SELIGSON v. RUSSO

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Supreme Court, Appellate Division, First Department, New York.

Aaron SELIGSON, et al., as Executors of the Estate of Herbert A. Rothman, Deceased, Plaintiffs-Respondents, v. Albert RUSSO, et al., Defendants-Appellants.

Decided: March 22, 2005

TOM, J.P., ANDRIAS, SAXE, FRIEDMAN, NARDELLI, JJ. Derfner & Gillett, LLP, New York (Donald A. Derfner of counsel), for appellants. Leahey & Johnson, New York (Peter James Johnson, Jr. of counsel), for Seligson and Rothman respondents. Ganfer & Shore, LLP, New York (Mark A. Berman of counsel), for Sigmund A. Rolat, respondent.

Order, Supreme Court, New York County (Herman Cahn, J.), entered July 21, 2004, which, inter alia, dissolved the parties' partnership, unanimously affirmed, without costs.

 Plaintiffs were not estopped from seeking dissolution.   Their opposition to a motion to compel them to sell a certain partnership interest to defendants was not inconsistent with their request for dissolution.

 In light of defendants' failure to request an evidentiary hearing, they cannot be heard to argue on appeal that one was required (see e.g. Matter of Quail Aero Serv., 300 A.D.2d 800, 803, 755 N.Y.S.2d 103 [2002] ).   In any event, no hearing was required, since the cause of the parties' dissension is irrelevant (see Matter of Ronan Paint Corp., 98 A.D.2d 413, 422, 469 N.Y.S.2d 931 [1984];  Matter of Gordon & Weiss, 32 A.D.2d 279, 281, 301 N.Y.S.2d 839 [1969] ).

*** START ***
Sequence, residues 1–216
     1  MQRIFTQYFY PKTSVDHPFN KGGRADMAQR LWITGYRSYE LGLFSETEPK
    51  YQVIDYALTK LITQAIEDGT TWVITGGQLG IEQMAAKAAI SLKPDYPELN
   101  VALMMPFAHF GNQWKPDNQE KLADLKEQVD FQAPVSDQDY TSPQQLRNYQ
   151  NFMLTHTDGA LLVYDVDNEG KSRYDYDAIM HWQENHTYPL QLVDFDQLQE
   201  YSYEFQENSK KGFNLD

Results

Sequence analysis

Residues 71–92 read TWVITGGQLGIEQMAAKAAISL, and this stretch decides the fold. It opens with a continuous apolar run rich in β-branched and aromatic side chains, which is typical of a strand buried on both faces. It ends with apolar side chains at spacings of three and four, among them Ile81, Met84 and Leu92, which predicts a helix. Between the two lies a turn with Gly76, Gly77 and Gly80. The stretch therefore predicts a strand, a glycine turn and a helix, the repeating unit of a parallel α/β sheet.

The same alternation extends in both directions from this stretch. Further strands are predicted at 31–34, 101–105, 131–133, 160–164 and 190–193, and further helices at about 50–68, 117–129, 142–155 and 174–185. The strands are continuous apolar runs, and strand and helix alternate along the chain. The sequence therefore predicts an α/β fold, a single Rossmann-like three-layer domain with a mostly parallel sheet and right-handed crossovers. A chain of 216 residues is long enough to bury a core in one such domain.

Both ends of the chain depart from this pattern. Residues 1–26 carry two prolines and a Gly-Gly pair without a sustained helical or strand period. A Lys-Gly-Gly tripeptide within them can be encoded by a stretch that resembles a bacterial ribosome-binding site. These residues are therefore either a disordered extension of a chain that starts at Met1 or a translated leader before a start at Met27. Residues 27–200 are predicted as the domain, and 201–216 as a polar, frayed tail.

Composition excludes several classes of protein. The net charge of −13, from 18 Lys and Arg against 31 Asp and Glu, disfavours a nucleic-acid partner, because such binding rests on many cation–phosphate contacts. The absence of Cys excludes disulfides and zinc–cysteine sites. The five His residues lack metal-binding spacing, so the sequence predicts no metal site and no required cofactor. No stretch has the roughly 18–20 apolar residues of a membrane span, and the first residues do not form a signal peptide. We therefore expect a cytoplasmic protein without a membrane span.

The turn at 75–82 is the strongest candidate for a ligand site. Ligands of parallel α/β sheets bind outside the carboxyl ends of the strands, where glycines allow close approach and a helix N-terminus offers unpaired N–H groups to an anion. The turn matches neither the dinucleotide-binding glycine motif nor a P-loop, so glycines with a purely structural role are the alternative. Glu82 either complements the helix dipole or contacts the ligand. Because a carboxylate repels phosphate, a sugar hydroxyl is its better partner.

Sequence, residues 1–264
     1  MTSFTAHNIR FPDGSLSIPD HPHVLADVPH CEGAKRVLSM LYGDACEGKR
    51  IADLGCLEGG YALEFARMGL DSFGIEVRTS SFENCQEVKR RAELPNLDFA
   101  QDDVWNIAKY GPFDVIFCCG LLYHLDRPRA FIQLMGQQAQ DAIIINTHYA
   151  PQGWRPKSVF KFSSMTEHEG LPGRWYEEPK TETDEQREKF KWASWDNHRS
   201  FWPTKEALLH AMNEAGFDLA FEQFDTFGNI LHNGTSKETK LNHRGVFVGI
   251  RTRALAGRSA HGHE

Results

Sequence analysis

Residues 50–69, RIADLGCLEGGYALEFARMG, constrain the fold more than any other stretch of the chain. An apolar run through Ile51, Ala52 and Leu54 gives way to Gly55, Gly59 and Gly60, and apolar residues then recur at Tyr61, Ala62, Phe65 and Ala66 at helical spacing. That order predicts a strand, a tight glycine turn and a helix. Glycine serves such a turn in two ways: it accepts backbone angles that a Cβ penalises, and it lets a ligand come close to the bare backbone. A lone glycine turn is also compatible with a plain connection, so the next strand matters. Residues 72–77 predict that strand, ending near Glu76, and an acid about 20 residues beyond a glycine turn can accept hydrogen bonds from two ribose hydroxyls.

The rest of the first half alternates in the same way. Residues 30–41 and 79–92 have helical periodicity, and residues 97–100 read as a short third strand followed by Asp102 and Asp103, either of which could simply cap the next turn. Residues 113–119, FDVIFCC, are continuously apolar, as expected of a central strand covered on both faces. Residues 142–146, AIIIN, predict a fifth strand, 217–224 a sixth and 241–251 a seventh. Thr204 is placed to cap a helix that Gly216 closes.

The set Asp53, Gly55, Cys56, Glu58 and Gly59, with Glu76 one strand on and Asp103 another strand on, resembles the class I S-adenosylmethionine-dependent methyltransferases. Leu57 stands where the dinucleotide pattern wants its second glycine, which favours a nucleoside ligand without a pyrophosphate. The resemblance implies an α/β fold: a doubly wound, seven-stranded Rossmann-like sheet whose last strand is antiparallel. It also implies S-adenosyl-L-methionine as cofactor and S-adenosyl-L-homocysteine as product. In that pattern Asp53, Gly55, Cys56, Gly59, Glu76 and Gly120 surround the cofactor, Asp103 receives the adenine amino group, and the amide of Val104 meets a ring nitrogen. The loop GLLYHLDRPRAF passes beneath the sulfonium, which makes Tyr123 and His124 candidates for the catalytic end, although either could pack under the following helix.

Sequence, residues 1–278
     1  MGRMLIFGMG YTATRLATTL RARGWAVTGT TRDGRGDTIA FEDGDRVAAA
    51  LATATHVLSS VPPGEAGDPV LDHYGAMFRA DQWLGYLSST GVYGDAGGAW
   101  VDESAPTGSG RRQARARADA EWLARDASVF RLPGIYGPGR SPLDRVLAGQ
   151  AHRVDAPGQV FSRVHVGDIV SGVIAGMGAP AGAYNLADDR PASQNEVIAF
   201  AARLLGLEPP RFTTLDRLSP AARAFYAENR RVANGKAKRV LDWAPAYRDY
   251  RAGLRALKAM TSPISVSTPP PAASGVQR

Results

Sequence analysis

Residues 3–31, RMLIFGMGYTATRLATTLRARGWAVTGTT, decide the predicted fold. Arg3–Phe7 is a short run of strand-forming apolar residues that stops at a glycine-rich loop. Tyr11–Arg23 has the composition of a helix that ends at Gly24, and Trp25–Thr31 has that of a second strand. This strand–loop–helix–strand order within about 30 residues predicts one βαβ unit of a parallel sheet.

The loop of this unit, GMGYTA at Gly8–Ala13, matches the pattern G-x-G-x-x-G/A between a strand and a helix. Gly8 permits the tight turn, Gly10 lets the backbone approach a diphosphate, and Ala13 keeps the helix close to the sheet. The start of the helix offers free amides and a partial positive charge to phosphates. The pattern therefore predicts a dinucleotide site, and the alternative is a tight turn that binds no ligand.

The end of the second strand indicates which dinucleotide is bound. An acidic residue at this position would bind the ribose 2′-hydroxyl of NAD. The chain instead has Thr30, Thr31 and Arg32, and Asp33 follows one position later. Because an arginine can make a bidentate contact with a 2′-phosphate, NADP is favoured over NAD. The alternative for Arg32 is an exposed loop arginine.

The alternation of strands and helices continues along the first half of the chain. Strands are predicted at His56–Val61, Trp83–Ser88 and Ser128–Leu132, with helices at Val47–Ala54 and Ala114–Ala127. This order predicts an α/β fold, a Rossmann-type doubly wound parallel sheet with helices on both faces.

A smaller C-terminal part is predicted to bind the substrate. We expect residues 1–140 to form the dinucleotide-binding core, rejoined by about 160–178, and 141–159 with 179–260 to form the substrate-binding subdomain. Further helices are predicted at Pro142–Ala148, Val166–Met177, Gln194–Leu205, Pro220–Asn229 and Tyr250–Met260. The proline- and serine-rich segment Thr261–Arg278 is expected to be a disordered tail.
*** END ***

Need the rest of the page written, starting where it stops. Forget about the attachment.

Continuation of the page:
The amended complaint, when read as a whole (see CPLR 104, 3026), sufficiently alleges the grounds set forth in Partnership Law § 63(1)(c) and (d).  In light of the 50-50 deadlock between the parties and the consequent inability of the partnership to make any decisions, it was equitable to dissolve this partnership pursuant to § 63(1)(f) (see Krulwich v. Posner, 291 A.D.2d 301, 302, 738 N.Y.S.2d 315 [2002]).   Even though the partnership agreement was for a definite term, it foresaw the possibility of early dissolution;  moreover, “[n]o one can be forced to continue as a partner against his will” (Napoli v. Domnitch, 18 A.D.2d 707, 708, 236 N.Y.S.2d 549 [1962], affd. 14 N.Y.2d 508, 248 N.Y.S.2d 228, 197 N.E.2d 623 [1964]). The fact that sale of the building owned by the partnership may have adverse tax consequences to some parties is not dispositive (see Krulwich, 291 A.D.2d at 303, 738 N.Y.S.2d 315).

We have considered defendants' remaining arguments and find them unavailing.